Chesterton Tribune

 

 

Chesterton Town Council okays Alliance Business Center south of the Toll Road

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By KEVIN NEVERS

The Chesterton Town Council has approved the planned unit development ordinance for the Alliance Business Center, proposed for construction at Ind. 49 and 950N, south of the Indiana Toll Road in incorporated Liberty Township.

The council did so over the objections of unincorporated Liberty Township residents, two of whom appeared at Monday night’s meeting to make the point that, in a perfect world, the views of out-of-town property owners should be heeded as well.

Members voted 5-0 to approve the PUD on first reading, 5-0 to suspend the rules, then 5-0 to approve the PUD on final reading.

The westernmost 56 acres of the parcel--commonly called the old Pope property--would allow Industrial-1 and Industrial 2 uses as well as medical-related facilities, test laboratories, and a distribution center with trailer storage. The Zoning Ordinance defines I-1 as “light industrial,” or industries “which do not cause conditions that would be objectionable to neighboring properties”; and I-2 as “heavy industrial,” or those with “certain intensive industrial operations which may have some objectionable characteristics.”

The easternmost 24 acres would allow Business-3 and Residential-3 uses, including possibly 20 living units above retail, should the market drive the project in that direction. B-3 is defined by the Zoning Ordinance as “lower density, open space type of use relating principally to automotive sales and service, businesses requiring outdoor storage facilities, and quasi-business industrial facilities.” There are few B-3 uses not already permitted in B-2 districts. Unique B-3 uses include auto sales, major auto repair, auto wash, mobile home sales, boat sales, and hotel or motel.

The PUD was previously endorsed by the Advisory Plan Commission at its October meeting, following a public hearing at which numerous residents of unincorporated Liberty Township voiced their objections.

On Monday two did so again. Bette Kamaski--who said that she lives across the street from the Pope property--expressed her belief that adjacent landowners who happen to be out-of-towners have been disenfranchised. “I feel a little bit like Chesterton just came in and said ‘This is what we’re doing. We don’t care about you people.’ Does our opinion count?”

Kamaski also objected to what she characterized as a lack of specificity about the development itself. “How far back away from my property is it going to be?” she asked. “There are so many things you can’t give me answers for. It’s like approving something without getting all the pieces.”

Herb Read, representing the Woodville Foundation--a newly established not-for-profit intended to be the “voice for the people who live or work in Liberty Township”--made the point that the “proposed land use” for the Alliance Business Center “is drastically different from what has been the long-standing zoning and land use.”

“Almost all of the area, both annexed and incorporated, has been agricultural or residential,” Read said. “It is reasonable to assume that most of the surrounding residents have relied on the current zoning to protect their investment and living conditions. Put the PUD inclusion of I-1 and I-2 uses so far distant from any existing industrial use cannot by any standard be regarded as good planning and would have an adverse effect upon the surrounding residential uses. We might add the problem of the design of the local roads and heavy industrial traffic.”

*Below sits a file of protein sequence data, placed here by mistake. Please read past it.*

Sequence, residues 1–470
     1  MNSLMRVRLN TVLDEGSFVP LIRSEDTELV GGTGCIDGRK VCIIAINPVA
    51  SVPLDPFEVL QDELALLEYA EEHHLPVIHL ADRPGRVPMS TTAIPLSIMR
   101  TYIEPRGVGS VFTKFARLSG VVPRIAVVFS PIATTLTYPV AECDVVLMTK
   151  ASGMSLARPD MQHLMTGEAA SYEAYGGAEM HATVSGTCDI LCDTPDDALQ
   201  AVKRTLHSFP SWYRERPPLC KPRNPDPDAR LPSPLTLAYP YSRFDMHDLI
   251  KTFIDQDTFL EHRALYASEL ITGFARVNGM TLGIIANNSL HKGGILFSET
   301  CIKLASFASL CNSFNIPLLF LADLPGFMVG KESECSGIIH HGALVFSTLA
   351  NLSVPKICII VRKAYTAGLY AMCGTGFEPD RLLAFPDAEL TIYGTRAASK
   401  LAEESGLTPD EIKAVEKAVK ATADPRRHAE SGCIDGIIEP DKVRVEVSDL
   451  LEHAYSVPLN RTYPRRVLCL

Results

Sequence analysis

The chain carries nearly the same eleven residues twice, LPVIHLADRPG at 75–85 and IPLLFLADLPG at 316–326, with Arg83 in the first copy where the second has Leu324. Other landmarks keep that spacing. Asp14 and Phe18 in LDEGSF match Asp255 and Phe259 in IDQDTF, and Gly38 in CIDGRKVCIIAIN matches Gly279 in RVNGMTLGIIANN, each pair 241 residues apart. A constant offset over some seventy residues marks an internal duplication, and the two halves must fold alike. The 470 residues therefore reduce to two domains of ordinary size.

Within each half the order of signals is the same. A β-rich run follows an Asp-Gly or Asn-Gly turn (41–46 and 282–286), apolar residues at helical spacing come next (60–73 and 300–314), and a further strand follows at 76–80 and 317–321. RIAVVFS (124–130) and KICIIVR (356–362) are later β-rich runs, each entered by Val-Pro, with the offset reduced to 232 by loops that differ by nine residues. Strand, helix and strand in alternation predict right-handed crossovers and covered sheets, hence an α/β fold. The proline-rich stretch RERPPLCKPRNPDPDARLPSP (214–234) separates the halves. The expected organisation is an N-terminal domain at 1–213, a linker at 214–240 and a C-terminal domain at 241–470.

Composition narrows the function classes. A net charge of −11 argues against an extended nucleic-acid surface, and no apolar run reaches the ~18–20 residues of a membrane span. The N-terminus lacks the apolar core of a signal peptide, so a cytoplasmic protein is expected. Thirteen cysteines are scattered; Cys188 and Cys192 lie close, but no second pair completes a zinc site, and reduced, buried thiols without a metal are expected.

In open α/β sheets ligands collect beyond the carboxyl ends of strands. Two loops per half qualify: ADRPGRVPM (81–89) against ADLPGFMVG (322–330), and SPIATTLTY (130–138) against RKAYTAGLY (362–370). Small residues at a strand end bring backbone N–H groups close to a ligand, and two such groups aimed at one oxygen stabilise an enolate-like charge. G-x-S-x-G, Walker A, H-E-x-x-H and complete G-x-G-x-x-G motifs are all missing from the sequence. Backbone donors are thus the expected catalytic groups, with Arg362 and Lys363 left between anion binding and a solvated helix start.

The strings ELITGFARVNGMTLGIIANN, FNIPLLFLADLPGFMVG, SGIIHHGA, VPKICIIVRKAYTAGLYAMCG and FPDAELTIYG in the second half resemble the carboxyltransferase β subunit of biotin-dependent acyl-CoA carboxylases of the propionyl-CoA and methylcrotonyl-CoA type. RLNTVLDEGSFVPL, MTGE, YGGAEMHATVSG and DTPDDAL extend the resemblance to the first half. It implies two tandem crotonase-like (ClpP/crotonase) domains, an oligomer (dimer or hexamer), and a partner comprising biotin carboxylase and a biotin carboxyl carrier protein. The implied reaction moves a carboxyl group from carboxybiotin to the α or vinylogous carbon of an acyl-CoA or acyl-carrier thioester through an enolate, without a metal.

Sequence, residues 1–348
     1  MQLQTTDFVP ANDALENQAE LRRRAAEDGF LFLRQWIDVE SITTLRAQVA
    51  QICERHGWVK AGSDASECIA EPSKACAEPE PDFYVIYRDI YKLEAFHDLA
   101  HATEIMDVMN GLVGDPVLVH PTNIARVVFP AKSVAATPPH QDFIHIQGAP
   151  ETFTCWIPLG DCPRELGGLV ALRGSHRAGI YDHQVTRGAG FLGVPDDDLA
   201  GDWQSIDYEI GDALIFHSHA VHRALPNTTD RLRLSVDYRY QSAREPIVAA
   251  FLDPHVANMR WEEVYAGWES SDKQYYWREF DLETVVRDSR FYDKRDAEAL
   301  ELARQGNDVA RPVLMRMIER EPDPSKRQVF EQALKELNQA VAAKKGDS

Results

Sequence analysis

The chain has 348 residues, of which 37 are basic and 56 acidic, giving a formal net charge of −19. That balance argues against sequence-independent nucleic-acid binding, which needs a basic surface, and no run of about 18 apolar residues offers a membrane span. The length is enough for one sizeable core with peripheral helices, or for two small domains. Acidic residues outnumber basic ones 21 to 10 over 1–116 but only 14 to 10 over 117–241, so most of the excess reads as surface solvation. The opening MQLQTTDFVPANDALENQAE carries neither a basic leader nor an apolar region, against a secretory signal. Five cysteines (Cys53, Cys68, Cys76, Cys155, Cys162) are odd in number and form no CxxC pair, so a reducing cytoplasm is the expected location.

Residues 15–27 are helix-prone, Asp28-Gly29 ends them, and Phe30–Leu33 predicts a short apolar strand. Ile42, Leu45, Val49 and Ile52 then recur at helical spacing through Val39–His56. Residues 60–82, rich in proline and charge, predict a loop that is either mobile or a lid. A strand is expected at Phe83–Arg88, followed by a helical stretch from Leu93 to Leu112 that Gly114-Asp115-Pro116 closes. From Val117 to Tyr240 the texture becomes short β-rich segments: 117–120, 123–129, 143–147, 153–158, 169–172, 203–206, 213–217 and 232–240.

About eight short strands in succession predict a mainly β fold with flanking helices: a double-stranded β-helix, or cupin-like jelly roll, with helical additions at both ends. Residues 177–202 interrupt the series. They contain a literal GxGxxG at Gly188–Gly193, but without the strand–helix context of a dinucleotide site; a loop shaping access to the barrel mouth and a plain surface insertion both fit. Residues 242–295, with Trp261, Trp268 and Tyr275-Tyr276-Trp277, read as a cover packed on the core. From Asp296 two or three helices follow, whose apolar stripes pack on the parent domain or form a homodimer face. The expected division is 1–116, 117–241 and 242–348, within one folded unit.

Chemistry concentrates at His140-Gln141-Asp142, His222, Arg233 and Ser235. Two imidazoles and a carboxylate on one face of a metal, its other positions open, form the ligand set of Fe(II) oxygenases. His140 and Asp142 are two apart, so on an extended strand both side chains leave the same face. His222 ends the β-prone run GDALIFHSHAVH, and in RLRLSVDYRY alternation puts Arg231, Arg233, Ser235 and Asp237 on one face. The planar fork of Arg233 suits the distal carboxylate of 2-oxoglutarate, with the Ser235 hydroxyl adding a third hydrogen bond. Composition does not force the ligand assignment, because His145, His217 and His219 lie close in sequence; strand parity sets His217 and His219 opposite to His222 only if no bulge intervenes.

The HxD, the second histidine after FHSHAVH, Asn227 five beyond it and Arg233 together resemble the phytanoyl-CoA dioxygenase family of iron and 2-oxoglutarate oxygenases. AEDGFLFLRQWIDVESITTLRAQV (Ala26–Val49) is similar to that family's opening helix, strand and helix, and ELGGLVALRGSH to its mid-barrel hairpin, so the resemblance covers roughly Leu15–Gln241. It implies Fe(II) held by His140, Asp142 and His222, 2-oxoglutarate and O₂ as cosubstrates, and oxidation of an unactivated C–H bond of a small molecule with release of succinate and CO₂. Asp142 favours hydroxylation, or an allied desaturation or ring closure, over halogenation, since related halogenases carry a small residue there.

“The Woodville Foundation is astute enough to realize that elected office holders may, and usually do, ignore the concerns of people who are not their direct constituents,” Read added. “All we can do is ask you to consider omitting any industrial uses within the PUD which impacts the neighborhood.”

Discussion

Member Jeff Trout, R-2nd--who also sits on the Advisory Plan Commission--said in response that, at the moment, there in fact is “not a specific layout yet” of the development. “Rock-solid plans don’t exist right now,” he said.

Nor can the developers themselves say what industrial uses in particular they hope to attract to the site, Trout said. But--while conceding that “industrial sounds scary”--he noted that a world-class manufacturer like Urschel Laboratories Inc. is also classified as industrial. “That’s the direction we’d like to go and the Alliance developers would like to go.”

But, Trout said, nothing will happen on the property, no ground will be broken, until the developers have submitted for primary plat approval their site plan, as they’re required to do under the Subdivision Ordinance. That site plan must be approved by the Advisory Plan Commission after a public hearing on it.

On the issue of drainage, which some Liberty landowners have cited as a concern, Trout promised that stormwater management “is something we’re very cautious about,” not the least because the Indiana Department of Environmental Management “watches us very carefully.”

And Trout promised that the town will “commit to buffering.”

Trout did say that the town has every intention of being as considerate “as we can” to surrounding landowners. “But I can tell you this,” he said. “We’re going to do it.” The Alliance Business Center will be good for the Town of Chesterton, will increase its assessed valuation, could lower folks’ property taxes, and will create jobs.

“Pope came to us,” said Member Emerson DeLaney, R-5th. “We did not seek him. And it’s a great opportunity for the town. It’s up to us to be a good neighbor.”

 

 

Posted 10/29/2013